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Paul McCartney says he sued The Beatles to save the band’s music

Paul McCartney said that the misconception that he broke The Beatles up persists today and that “the only way” he could “save” the group’s music was to sue his former bandmates.

“I was thought to be the guy who broke The Beatles up and the b—— who sued his mates. And, believe me, I bought into that,” McCartney, 78, said in a wide-ranging interview with British GQ published Tuesday. “It was so prevalent that for years I almost blamed myself.”

The Beatles, from left, Paul McCartney, George Harrison, Ringo Starr and John Lennon, appear at EMI Studios in London on June 24, 1967.AP file

McCartney, John Lennon, George Harrison and Ringo Starr formed the legendary English rock band in 1960, which broke up a decade later following myriad disputes — one major one being differing opinions of the band’s manager Allen Klein, according to McCartney.

“The only way for me to save The Beatles and Apple — and to release Get Back by Peter Jackson which allowed us to release Anthology and all these great remasters of all the great Beatles records — was to sue the band,” McCartney told British GQ. “If I hadn’t done that, it would have all belonged to Allen Klein. The only way I was given to get us out of that was to do what I did.”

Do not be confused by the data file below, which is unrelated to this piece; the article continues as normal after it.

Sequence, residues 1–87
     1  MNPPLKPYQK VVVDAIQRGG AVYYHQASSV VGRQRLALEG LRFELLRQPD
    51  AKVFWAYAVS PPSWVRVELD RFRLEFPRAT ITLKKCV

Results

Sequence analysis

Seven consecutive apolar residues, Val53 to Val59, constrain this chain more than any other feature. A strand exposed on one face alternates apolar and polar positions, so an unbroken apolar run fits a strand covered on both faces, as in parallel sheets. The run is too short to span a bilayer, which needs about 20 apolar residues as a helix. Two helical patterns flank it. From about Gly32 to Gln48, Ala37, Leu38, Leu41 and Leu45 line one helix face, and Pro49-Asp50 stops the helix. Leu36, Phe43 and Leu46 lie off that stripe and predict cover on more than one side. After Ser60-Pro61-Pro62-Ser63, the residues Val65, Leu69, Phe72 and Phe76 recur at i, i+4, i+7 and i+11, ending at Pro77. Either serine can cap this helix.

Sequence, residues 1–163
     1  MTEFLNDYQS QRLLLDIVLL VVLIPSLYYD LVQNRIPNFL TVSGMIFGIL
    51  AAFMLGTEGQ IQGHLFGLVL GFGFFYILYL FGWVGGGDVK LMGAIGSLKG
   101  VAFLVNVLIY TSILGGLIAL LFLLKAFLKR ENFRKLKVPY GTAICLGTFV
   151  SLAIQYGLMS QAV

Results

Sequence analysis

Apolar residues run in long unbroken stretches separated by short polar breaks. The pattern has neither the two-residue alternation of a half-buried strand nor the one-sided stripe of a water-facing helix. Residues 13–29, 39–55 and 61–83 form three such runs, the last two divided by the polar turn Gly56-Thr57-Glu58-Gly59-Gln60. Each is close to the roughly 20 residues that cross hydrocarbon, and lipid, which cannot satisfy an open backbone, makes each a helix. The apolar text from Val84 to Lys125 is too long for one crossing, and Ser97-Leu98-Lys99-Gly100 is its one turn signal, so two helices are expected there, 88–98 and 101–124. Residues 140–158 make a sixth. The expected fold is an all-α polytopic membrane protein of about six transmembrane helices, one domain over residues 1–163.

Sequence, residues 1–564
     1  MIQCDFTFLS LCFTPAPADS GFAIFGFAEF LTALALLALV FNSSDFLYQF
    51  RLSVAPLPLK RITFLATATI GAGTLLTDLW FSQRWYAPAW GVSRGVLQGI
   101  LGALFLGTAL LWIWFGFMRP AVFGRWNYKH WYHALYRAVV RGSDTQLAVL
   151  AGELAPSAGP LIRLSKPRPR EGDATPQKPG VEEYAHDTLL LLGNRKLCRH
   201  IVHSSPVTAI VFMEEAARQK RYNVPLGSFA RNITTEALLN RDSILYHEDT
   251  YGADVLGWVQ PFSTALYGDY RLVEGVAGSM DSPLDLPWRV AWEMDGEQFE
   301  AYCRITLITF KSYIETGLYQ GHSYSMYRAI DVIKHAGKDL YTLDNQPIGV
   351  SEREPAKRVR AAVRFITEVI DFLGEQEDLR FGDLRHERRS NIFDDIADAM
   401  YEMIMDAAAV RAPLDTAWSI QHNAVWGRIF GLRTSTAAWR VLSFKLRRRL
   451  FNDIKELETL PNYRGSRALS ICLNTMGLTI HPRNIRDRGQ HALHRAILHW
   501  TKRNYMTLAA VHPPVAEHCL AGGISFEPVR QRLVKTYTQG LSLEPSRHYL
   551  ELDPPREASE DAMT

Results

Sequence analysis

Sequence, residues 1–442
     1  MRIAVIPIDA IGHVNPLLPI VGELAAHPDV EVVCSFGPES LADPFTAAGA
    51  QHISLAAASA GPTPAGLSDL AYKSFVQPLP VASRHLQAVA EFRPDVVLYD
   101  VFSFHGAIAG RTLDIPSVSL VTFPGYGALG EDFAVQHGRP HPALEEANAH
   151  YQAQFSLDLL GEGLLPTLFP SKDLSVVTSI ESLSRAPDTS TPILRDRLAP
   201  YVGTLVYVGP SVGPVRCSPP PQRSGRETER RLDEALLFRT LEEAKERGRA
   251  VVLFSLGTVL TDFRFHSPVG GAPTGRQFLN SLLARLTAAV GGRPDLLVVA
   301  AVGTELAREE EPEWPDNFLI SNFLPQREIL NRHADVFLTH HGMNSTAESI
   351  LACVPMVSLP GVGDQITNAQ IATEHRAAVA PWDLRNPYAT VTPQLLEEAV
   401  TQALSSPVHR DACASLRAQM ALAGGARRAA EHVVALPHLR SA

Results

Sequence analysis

McCartney sued The Beatles in 1970 in London’s High Court of Justice. He sought the dissolution of the band’s contractual partnership after the other members of the group appointed Klein to preside over The Beatles’ financial affairs. McCartney wanted Lee Eastman, the father of his late wife, Linda Eastman, to manage the band’s finances instead, according to Rolling Stone, but he was outvoted.

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